Greek Orthodox Cypriots Vote for First New Archbishop in 29 Years

Greek Orthodox Cypriots vote Sunday in the initial stage of a complex process to choose the first new leader of the influential church in 29 years.

Archbishop Chrysostomos, 78, is reportedly suffering from Alzheimer's disease and has not been able to carry out his duties on the Mediterranean island for several years.

Cyprus' Orthodox Church maintains a powerful influence among the 750,000 Greek Cypriots and plays a strong role in political issues. It is the biggest landowner on the island and has investments in banking, hotels and even wine and beer production.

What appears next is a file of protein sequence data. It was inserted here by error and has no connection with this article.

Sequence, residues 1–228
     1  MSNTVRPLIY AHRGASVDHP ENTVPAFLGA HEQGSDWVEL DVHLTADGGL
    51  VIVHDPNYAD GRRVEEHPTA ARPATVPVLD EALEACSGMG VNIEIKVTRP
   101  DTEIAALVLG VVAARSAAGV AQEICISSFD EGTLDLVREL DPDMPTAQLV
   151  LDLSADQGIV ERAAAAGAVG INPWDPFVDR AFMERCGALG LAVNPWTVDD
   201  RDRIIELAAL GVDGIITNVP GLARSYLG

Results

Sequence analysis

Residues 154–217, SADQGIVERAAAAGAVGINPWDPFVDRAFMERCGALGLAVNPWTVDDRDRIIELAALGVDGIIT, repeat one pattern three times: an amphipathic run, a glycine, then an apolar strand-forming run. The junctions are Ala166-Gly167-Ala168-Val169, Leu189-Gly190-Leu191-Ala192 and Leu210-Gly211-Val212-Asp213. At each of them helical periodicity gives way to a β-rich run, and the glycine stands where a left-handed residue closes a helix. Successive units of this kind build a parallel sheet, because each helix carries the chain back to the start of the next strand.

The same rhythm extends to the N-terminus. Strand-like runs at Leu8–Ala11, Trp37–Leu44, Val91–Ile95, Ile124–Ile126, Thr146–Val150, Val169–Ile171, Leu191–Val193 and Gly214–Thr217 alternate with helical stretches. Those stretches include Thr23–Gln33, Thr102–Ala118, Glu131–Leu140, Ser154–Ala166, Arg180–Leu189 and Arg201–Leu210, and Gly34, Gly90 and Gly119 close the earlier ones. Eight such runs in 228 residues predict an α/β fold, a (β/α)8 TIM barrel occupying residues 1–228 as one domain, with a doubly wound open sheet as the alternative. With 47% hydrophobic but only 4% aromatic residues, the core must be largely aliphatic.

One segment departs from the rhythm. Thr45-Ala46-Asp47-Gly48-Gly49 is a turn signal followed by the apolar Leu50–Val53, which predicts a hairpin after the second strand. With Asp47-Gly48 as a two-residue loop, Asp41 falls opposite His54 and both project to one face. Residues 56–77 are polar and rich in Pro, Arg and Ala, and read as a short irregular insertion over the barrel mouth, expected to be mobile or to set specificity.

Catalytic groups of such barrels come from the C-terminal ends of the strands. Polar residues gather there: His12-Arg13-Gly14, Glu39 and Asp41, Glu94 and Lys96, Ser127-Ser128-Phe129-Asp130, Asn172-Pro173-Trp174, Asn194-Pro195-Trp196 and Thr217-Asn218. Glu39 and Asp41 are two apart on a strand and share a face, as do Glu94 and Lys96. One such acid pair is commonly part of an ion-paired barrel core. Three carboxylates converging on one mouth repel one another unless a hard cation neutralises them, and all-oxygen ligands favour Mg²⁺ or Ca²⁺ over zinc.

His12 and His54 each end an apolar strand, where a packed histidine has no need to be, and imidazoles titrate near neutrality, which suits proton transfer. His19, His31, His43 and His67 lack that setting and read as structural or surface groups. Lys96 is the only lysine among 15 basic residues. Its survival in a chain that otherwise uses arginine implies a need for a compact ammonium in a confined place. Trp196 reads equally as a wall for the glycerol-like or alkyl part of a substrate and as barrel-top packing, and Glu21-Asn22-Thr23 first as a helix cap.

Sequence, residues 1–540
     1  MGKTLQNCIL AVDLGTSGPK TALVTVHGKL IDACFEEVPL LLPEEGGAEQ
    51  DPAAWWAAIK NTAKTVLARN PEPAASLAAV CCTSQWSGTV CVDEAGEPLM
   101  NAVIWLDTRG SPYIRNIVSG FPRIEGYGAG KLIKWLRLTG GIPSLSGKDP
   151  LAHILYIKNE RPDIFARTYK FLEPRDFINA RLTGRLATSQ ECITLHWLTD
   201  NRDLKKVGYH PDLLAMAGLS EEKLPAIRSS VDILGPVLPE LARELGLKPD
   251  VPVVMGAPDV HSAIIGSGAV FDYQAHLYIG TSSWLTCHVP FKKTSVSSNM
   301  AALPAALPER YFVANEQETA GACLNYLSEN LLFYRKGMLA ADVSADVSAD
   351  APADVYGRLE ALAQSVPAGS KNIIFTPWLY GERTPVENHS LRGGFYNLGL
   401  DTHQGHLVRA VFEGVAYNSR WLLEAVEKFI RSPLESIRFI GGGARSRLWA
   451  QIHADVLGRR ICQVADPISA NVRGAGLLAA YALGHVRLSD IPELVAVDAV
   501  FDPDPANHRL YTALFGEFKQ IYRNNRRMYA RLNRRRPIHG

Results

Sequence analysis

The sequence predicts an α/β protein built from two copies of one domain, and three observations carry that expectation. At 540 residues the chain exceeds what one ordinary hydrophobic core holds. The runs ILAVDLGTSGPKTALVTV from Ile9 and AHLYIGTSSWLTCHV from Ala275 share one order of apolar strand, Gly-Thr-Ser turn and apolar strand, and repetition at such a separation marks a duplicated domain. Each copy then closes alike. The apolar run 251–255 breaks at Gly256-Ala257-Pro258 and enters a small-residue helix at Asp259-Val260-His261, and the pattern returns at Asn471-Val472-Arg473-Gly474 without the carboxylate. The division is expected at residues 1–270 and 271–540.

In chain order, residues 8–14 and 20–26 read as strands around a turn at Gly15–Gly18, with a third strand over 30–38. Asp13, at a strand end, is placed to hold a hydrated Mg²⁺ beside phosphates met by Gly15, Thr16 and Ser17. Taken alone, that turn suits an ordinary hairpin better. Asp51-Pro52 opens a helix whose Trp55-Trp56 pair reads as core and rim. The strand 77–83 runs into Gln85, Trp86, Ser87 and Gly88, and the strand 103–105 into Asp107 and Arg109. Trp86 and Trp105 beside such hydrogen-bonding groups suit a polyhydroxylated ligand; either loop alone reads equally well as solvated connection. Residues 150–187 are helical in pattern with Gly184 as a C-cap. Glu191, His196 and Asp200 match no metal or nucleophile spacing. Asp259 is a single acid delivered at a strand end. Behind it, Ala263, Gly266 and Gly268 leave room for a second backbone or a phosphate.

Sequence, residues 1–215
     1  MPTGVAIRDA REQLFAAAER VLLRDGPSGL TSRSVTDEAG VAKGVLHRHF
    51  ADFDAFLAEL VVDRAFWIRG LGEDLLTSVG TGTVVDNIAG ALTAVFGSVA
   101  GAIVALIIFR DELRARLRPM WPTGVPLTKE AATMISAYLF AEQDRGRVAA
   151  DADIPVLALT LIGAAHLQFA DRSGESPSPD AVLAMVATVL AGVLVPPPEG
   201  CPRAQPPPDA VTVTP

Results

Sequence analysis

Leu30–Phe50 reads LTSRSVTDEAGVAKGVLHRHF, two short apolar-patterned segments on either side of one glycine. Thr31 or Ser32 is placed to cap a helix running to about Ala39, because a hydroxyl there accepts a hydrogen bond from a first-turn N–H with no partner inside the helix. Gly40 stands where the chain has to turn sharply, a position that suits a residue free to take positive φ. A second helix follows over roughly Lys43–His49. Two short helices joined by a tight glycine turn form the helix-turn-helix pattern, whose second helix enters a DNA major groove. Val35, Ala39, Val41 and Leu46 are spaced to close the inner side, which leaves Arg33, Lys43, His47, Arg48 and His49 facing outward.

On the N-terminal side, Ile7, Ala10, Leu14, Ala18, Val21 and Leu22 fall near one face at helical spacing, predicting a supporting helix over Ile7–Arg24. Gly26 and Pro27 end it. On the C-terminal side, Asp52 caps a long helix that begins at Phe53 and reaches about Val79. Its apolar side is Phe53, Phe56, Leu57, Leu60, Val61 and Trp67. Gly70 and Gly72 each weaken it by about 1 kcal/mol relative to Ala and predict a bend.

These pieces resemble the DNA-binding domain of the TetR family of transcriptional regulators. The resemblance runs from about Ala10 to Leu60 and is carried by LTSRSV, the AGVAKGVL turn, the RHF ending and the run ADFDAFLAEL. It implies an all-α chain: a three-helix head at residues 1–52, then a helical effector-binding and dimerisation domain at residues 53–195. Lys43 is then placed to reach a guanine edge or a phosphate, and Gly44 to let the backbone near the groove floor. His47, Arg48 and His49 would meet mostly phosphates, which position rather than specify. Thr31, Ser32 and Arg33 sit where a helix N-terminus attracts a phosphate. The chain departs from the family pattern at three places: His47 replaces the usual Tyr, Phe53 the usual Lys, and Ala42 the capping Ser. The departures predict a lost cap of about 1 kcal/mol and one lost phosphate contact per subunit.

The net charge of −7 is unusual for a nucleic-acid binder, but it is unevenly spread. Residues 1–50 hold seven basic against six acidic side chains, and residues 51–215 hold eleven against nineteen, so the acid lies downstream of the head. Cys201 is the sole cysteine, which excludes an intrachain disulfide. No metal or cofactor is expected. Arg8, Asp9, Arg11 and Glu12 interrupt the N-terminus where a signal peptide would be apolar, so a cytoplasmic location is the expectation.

Chrysostomos has held the church's senior position since 1977, when he succeeded Archbishop Makarios, the first post-independence president of Cyprus.

In May, Ecumenical Patriarch Bartholomew, the Istanbul-based spiritual leader of the world's 250 million Orthodox Christians, chaired a broader meeting of church elders which called for Chrysostomos' "honorary removal."

The four candidates to succeed him are three Metropolitans — Athanasios of Limassol, Chrysostomos of Kition and Chrysostomos of Paphos — and Bishop Nikiforos of Kykkos.

At the start of a process that could last a month, Orthodox citizens vote Sunday for 1,400 special representatives — including laymen. The result of the vote Sunday is expected early Monday.

The representatives will vote for 100 electors 22 days later.

These electors will then be joined by 33 clerics voting directly for the archbishop in separate ballots.